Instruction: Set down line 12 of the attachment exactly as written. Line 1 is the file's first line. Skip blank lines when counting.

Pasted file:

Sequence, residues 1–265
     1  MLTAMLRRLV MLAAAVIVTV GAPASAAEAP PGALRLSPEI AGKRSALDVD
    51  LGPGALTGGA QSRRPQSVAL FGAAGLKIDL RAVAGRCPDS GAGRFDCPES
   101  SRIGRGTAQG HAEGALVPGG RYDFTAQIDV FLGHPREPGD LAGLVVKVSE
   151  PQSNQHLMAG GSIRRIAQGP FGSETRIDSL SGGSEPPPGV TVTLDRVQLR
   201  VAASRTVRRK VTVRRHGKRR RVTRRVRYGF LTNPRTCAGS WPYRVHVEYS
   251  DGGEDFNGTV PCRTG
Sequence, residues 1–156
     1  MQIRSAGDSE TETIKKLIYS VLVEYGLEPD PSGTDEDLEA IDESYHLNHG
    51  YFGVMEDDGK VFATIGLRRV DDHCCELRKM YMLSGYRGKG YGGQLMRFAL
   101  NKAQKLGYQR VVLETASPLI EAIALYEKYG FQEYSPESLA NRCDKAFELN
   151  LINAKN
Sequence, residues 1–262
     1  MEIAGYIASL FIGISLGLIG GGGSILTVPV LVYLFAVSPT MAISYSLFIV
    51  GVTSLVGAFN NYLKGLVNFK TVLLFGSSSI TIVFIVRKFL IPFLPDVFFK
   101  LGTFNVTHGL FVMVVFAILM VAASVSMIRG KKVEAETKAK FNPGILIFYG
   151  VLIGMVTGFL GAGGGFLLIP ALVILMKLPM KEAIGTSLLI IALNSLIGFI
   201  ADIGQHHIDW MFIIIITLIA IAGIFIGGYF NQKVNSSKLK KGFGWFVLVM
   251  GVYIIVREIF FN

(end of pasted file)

   151  LINAKN